Fish have incredible ways to ensure that their genetic diversity continues to survive and that they stay well adapted to the environment. Almost 500 species of fish (or 2% of their population) possesses the ability to change sex naturally! Their phenotype is also much influenced by the environment. For instance, warmer temperatures tend to make female fish change into male and experiments proved that only 6 ng/L of 17α-ethynylestradiol (substance used in contraceptive pills) leads to the feminisation of freshwater fish!
There are three main types of fish that have the ability to naturally switch sex: protogynous, protandrous and bidirectional hermaphroditic species.
Protogynous fish have the ability to change from female to male sex. This is the most common ability in many reef species. For example Asian sheepshead wrasse (Kobudai), parrotfish, groupers and gobies species have this ability. No one really knows why they change sex, but the size advantage hypothesis is currently the best explanation. It states that in protogynous species, large dominant males defend spawning sites which females need to lay their eggs on. Therefore, only males big enough to defend these sites are likely to mate. Hence, the best option for a fish is to be a female when it is small and change into a male when it becomes large enough.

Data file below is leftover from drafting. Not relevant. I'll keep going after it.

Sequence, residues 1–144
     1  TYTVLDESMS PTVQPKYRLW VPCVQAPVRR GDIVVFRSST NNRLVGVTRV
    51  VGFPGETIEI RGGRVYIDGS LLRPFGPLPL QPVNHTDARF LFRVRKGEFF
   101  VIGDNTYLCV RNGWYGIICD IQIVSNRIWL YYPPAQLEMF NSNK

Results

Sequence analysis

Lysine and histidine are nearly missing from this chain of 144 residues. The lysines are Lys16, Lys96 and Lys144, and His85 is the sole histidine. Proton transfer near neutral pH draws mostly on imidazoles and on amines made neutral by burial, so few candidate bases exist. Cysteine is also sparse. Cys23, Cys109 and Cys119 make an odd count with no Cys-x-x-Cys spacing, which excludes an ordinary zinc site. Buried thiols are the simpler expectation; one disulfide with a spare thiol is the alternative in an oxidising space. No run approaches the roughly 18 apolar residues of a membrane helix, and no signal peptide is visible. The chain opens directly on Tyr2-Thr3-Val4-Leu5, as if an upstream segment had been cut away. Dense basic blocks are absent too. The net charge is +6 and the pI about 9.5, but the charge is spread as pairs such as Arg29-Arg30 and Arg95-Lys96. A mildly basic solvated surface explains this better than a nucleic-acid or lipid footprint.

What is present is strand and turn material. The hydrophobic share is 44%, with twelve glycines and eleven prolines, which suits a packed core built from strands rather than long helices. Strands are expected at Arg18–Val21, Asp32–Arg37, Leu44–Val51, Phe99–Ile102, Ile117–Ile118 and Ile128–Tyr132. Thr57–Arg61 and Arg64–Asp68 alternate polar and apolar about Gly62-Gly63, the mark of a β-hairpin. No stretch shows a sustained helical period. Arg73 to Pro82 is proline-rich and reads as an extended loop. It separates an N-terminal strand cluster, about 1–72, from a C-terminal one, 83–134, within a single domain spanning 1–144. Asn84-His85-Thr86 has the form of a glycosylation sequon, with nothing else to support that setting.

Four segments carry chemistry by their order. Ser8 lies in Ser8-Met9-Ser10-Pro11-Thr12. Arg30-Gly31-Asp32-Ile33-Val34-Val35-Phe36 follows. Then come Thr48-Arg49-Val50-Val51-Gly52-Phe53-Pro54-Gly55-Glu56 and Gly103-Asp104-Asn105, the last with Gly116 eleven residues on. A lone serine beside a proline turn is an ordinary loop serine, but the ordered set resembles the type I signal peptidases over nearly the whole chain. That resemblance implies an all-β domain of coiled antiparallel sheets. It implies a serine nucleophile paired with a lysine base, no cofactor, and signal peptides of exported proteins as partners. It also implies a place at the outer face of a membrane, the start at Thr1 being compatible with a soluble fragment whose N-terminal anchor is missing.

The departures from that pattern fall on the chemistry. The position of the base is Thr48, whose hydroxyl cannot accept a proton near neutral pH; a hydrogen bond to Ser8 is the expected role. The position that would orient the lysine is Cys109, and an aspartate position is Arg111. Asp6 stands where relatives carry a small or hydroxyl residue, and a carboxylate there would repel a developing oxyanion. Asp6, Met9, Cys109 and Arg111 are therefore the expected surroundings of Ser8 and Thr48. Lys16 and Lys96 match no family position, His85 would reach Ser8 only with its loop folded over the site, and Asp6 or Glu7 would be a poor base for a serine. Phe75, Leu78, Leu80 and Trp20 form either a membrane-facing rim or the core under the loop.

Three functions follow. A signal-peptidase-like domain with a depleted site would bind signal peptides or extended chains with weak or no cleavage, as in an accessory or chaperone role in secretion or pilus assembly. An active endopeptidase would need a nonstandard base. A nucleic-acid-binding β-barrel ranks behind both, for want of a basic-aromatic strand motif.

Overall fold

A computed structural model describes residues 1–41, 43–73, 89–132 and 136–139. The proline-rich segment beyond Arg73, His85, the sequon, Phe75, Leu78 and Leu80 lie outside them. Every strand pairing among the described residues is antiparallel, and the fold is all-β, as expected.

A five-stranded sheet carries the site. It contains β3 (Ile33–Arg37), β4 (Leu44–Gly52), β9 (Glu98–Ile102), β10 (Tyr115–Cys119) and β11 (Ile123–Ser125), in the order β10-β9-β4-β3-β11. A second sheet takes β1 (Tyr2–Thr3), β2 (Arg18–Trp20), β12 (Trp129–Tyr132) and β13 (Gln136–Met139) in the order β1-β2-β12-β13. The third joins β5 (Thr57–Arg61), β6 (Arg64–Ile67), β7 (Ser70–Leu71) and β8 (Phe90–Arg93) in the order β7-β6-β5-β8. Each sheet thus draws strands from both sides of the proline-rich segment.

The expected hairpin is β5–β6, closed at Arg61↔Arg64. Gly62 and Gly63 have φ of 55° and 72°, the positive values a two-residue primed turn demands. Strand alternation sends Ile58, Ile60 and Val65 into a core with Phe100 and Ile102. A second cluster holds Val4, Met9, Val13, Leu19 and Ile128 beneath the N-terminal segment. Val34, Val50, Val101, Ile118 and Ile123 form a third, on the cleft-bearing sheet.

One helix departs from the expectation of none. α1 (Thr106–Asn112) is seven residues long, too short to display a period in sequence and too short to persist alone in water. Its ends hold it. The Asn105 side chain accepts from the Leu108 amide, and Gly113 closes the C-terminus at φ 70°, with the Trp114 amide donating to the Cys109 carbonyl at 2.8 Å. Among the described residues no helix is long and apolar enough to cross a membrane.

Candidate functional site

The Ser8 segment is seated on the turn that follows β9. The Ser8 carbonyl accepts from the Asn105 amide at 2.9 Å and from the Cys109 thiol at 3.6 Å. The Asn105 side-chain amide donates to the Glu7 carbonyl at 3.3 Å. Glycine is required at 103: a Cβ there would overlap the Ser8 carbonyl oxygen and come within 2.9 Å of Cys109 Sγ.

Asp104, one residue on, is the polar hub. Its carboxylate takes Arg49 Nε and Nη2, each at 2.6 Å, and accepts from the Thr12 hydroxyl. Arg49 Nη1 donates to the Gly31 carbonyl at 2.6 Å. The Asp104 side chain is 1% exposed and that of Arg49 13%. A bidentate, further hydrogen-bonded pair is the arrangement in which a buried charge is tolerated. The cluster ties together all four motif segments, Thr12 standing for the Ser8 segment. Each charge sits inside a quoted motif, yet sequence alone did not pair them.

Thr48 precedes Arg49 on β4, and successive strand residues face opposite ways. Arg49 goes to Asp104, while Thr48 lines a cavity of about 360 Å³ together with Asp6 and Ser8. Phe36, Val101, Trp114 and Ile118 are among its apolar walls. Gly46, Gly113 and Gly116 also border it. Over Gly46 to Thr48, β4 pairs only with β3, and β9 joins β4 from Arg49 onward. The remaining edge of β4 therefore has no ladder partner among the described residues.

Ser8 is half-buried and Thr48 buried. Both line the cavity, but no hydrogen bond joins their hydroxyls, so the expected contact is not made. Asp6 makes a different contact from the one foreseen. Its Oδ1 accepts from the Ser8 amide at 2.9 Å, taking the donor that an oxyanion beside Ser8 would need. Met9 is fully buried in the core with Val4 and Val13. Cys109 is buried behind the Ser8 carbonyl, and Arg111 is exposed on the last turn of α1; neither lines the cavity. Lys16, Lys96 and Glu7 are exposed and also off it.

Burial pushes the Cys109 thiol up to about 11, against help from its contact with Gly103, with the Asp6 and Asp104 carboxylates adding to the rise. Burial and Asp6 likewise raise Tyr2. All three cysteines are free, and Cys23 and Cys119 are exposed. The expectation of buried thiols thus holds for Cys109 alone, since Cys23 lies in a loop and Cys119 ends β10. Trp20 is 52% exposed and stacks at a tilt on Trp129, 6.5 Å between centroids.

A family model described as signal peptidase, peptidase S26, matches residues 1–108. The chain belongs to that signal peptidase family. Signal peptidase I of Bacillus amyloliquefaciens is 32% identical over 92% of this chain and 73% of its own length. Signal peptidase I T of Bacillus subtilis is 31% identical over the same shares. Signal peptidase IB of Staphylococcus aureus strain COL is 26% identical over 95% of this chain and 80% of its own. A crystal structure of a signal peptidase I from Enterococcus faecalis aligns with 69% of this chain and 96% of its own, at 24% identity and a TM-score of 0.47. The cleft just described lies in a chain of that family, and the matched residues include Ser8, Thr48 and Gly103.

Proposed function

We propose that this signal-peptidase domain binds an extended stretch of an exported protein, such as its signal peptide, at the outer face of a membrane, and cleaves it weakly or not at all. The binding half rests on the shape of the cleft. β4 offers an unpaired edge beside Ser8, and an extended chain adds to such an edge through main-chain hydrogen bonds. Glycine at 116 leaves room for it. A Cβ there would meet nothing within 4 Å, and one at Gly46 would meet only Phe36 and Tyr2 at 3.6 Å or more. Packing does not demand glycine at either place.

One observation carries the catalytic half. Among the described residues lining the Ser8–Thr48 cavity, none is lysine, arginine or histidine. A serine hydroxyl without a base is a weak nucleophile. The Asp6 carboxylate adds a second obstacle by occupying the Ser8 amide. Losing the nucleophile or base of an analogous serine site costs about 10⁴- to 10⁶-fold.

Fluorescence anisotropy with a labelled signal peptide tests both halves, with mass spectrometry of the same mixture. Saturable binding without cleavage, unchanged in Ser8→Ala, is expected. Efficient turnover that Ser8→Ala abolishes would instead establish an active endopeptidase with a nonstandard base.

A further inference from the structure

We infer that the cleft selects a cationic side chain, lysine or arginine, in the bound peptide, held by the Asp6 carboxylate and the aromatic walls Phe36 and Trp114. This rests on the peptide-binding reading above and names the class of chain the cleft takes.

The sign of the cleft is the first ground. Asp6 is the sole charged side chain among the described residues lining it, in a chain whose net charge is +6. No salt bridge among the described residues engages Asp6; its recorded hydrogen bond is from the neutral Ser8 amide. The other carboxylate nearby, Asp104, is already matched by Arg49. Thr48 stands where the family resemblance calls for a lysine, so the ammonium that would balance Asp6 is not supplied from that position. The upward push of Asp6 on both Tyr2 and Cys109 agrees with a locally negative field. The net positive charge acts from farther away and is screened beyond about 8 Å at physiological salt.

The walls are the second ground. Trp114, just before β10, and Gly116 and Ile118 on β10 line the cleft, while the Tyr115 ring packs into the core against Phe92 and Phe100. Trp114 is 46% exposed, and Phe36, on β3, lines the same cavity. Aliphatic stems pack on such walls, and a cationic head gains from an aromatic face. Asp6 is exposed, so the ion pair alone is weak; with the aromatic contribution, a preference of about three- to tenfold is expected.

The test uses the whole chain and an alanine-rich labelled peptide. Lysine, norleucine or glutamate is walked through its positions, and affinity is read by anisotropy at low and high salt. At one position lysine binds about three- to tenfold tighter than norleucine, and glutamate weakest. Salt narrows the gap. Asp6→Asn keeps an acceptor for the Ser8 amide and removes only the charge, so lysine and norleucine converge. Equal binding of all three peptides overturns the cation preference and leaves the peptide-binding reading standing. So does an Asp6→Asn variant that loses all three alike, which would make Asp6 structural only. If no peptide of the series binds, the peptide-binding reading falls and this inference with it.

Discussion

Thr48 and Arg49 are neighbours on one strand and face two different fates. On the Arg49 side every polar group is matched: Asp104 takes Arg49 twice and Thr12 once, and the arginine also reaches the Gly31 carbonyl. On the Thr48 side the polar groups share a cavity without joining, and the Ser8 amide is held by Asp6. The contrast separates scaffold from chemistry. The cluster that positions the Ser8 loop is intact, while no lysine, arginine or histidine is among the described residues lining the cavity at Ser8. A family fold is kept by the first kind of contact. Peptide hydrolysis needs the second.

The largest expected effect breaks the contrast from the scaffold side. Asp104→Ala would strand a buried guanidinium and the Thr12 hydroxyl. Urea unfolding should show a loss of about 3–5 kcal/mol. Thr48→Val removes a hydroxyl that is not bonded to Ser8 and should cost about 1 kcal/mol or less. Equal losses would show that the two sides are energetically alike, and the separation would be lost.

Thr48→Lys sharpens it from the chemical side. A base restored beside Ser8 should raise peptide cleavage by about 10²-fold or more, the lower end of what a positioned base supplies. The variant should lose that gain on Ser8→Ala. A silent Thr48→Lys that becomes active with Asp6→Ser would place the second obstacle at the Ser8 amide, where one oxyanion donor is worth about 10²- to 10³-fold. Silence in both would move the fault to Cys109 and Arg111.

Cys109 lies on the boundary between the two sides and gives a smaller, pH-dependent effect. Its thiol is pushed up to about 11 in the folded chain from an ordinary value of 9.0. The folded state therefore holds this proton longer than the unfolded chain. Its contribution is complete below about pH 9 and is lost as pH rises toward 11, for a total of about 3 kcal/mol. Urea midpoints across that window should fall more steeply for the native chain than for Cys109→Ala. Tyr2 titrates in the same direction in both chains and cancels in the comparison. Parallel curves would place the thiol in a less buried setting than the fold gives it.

Protandrous fish have the ability to change from male to female and they are less abundant than protogynous species. Well known protandrous fish include clownfish, Asian seabass (Barramundi), gilthead sea bream and Ballan wrasse. All these species require a single queen and several males to guarantee their chances of survival. The larger females are, the more they lay eggs, whereas small males are sufficient to spread sperm.
Bidirectional hermaphrodites have the ability to change their sex back and forth according to their environment circumstances. One specie well-known for this sexual mechanism is the coral goby. This endearing fish is a typical loner as it moves around infrequently and its chances to meet a new pairing partner are very low. Hence, when two fish meet with the same gender, this mechanism allows them to reproduce by changing sex!
Published by Luka Lafaye de Micheaux, Camille Chabot improved title